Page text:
dzodzo85 wrote:
If r, s, and t are nonzero integers, is r^5*s^3*t^4 negative?
(1) rt is negative
(2) s is negative
Could someone kindly render a more easily understood explanation than that found in the Quantitative Review 2nd Edition. It would be really appreciated.
Since r, s, and t are
nonzero integers then in order r^5*s^3*t^4 to be negative, only one condition should hold: r and s must have the opposite signs, in this case (r^5*s^3)*t^4=(negative)*(positive)=negative.
Notice that if we were not told that given variables are nonzero then there would be one more condition that t must not be zero.(1) rt is negative --> r and t have the opposite signs. Not sufficient, since no info about s.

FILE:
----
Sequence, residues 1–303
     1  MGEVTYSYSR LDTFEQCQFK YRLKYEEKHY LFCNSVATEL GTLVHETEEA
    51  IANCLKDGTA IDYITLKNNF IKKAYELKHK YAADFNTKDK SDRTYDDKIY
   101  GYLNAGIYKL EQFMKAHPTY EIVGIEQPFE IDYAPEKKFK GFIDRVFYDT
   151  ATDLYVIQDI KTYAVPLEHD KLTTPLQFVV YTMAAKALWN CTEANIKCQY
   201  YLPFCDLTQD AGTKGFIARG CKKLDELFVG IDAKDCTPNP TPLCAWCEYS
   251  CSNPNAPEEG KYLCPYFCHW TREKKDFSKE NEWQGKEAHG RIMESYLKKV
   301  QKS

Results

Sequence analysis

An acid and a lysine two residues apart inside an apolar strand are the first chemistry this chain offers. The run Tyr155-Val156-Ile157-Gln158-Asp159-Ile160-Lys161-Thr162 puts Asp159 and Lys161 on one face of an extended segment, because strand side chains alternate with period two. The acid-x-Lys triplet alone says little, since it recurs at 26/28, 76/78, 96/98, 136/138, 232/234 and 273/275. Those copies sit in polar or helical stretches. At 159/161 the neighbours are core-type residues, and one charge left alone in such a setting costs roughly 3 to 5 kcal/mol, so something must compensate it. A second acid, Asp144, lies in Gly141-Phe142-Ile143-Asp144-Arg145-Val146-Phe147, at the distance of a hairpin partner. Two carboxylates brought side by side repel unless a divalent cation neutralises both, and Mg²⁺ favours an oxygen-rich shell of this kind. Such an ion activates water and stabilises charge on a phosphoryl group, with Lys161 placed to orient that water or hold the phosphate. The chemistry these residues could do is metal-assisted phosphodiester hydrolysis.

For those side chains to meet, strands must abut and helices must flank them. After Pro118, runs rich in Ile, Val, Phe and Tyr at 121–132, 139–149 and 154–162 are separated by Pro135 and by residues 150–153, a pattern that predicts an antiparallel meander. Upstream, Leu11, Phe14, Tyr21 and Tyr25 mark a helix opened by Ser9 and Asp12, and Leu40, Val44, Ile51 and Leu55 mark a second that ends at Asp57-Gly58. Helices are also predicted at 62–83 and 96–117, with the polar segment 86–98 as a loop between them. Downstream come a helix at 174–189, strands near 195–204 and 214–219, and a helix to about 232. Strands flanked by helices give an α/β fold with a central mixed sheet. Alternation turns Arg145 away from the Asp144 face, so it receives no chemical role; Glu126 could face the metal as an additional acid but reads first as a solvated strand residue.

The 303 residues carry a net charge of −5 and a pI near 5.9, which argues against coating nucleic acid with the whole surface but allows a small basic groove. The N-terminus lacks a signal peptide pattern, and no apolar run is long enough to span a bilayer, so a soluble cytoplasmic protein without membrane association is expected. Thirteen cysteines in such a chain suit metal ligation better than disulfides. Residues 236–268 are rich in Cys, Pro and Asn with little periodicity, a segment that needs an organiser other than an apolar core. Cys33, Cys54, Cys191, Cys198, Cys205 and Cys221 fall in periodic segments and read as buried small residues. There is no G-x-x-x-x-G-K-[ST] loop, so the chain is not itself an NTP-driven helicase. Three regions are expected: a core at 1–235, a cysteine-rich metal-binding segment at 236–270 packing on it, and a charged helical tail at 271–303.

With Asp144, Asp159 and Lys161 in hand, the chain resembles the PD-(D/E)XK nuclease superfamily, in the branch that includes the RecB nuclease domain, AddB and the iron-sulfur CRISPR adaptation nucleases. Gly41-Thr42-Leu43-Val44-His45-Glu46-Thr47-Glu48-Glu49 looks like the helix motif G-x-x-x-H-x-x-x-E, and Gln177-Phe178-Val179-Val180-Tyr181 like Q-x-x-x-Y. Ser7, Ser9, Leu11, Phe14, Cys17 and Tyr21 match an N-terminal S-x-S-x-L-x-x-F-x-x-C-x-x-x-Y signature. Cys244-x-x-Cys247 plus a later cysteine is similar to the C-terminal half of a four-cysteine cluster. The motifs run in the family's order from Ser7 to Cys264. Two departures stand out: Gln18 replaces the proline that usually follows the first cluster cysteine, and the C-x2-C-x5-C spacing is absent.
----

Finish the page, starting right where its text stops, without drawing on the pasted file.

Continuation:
(2) s is negative. Clearly insufficient.
(1)+(2) If r is positive then the answer will be YES (since r^5*s^3*t^4=positive*negative*positive=negative) but if r is negative then the answer will be NO (r^5*s^3*t^4=negative*negative*positive=positive). Not sufficient.
Answer: E.
Hope it helps.
For (1)+(2), how could R be positive? Isn't T automatically positive because it is T^4?
Statement 1 says RT is negative, so I assumed that R has to be negative. I'm sure this is an elementary question, but can you please show me an example of how T^4 could be negative?